Case Study: Ezinwanyi Udechukwu

 I find the idea of motherhood a daunting prospect. I can hardly imagine what it must be like for Ezinwanyi Udechukwu, who came to study in the UK from Nigeria already pregnant, and is now raising her newborn son thousands of miles from family and friends back home. Bringing up a baby is hard enough; add onto that a degree and the fact that you are in a foreign country with little family support, to me seems like a near impossible task. 

Ezinwanyi Udechukwu is studying a one year MSC course in Environmental Engineering and Management at the School of Engineering at Leeds University.“I came to the UK because there are more opportunities for me to learn in my area of specialisation in the universities here. The UK specialises in environmental issues which we don’t have in Nigeria.” She gave birth to a son Udo Frieden Ebenezer on the 11th January this year.

Support from university

In Ezinwanyi’s position, one of the few places she could turn was to her student union. “My departmental student support officers were very helpful. I came to the union and they gave me advice and helped me to get things. During the Student Parent Christmas Party I met the President of the Student Parent society and she also encouraged me.”

“During the last party I was able to meet other parents and people from my own country too which made me happy. I would like more social events, because they bring people together. Usually for me, I study, go back to my house and take care of my baby, but student parent events bring me out and I’m able to meet other student parents and other children.”

Not only is it emotionally straining, but practically and financially, babies require a lot of equipment that can be a difficulty for foreign students who may not have access to enough money or know where to go.

“When I was about to buy things for my baby, the student parent officer advised me how to get things. In fact it was at the last Student Parent party that the President advised me to go on gumtree. That very day I went home and bought my pushchair.”

Juggling

To help Ezinwanyi, her mum flew over to Leeds from Nigeria after the birth, in order to support her daughter’s recuperation  and enable her to quickly resume her studies.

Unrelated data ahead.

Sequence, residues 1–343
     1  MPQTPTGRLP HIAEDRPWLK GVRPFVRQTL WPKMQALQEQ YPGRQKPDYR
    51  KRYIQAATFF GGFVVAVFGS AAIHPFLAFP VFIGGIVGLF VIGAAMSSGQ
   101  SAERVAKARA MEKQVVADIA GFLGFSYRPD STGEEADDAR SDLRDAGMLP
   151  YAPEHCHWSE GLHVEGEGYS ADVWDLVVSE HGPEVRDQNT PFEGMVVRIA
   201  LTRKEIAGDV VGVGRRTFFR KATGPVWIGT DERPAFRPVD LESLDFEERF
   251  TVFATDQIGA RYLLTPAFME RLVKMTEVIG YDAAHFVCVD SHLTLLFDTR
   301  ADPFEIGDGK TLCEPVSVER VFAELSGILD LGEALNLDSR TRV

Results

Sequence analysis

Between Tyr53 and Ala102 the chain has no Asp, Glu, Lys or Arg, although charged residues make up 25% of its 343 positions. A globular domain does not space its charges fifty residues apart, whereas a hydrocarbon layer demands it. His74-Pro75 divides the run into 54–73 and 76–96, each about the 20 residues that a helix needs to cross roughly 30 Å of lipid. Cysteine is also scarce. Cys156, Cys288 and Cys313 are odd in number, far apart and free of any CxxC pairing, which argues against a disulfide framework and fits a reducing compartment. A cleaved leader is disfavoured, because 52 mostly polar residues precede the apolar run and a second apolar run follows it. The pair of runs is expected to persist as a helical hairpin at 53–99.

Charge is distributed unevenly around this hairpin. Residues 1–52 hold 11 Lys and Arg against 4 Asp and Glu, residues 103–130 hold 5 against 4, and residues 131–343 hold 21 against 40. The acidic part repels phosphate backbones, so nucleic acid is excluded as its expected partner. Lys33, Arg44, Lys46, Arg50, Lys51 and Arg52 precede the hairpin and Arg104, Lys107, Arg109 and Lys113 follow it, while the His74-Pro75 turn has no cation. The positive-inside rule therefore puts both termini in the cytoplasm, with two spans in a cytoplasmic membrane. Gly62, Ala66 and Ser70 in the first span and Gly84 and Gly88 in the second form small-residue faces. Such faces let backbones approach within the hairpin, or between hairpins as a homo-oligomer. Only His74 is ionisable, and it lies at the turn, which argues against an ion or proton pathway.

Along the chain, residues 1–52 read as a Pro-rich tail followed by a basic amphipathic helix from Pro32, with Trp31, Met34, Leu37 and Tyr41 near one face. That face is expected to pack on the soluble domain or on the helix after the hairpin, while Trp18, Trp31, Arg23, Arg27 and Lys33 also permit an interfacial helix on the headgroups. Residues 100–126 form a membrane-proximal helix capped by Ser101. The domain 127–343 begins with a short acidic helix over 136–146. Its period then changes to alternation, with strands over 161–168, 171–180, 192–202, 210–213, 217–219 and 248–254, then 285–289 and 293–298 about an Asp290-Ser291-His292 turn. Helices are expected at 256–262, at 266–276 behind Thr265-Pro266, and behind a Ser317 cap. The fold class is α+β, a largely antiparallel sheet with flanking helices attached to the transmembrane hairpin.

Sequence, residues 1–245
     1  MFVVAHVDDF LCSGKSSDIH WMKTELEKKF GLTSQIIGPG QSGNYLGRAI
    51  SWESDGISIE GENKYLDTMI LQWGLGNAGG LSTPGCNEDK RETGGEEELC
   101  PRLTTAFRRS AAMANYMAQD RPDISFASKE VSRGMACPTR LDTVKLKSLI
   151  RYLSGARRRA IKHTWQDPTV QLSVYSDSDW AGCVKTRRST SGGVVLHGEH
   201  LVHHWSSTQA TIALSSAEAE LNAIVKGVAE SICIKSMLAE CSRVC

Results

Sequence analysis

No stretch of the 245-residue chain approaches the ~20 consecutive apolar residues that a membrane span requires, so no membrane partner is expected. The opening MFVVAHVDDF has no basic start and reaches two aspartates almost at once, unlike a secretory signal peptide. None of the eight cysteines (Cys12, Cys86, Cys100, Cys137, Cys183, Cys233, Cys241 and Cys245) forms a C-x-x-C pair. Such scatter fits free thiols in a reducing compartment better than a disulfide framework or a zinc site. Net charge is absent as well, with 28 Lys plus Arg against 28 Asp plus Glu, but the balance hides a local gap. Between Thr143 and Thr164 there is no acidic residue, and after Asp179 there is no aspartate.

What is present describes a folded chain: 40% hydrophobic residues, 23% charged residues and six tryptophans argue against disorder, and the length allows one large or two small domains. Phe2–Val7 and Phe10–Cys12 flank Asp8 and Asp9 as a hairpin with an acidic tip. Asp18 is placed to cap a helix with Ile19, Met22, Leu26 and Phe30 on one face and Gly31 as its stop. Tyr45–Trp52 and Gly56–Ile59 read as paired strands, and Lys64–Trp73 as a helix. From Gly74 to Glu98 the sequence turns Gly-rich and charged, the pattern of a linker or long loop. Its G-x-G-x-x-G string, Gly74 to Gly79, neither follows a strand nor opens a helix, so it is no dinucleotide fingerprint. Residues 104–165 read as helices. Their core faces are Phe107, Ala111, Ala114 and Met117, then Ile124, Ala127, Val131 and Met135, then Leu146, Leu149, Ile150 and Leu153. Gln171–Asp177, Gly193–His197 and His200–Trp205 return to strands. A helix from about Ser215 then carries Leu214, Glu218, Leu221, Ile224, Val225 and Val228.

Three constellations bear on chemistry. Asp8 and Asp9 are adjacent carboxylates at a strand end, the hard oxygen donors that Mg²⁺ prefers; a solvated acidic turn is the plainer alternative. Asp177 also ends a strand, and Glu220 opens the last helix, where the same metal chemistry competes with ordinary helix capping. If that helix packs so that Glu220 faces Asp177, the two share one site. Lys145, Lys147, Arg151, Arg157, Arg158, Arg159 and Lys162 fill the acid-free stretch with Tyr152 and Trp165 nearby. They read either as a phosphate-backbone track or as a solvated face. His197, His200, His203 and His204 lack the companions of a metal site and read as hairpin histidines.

“As a new mother, I’ve come to appreciate the reason for maternity leave. I try to give priority to my child as well as not let my studies suffer. This is a challenge which I’m grappling with. It has affected my social life too as I have to think about my child first and consider how he will be affected by social activities, especially as I am breastfeeding. If I had come alone I would have more opportunity to go out. Sometimes there are outings I would have liked to go on, but because I have a baby I am not able to go.

“As an international student, I find the culture here different from that of my country. Although my neighbours have been very kind, sometimes I still felt quite lonely. It has meant I’ve had to spend some money on calls to keep in contact with my family.”

Ezinwanyi is bringing up baby Udo while her husband waits for her return back home in Nigeria. “It’s a challenge bringing up my baby away from my husband as I know that early days of a child is important to the child’s health. Udo’s only seeing his mum and grandmother, so it may take him a while to reconcile that he has a father when he meets him. I have to make extra effort to see I give my child enough attention so that he does not suffer lack of parental care. Also, the emotional support I would have gotten from my husband during and after child birth was not same as it would have been if we were together.”

After Ezinwanyi finishes her degree she will go back to Nigeria with her mum and baby Udo and work in the  Nigerian Environment Agency.

Student Parents wishes Ezinwanyi the best of luck in the future!

Robyn

Advertisements
Leave a comment

Leave a Reply

Fill in your details below or click an icon to log in:

WordPress.com Logo

You are commenting using your WordPress.com account. Log Out / Change )

Twitter picture

You are commenting using your Twitter account. Log Out / Change )

Facebook photo

You are commenting using your Facebook account. Log Out / Change )

Google+ photo

You are commenting using your Google+ account. Log Out / Change )

Connecting to %s

%d bloggers like this: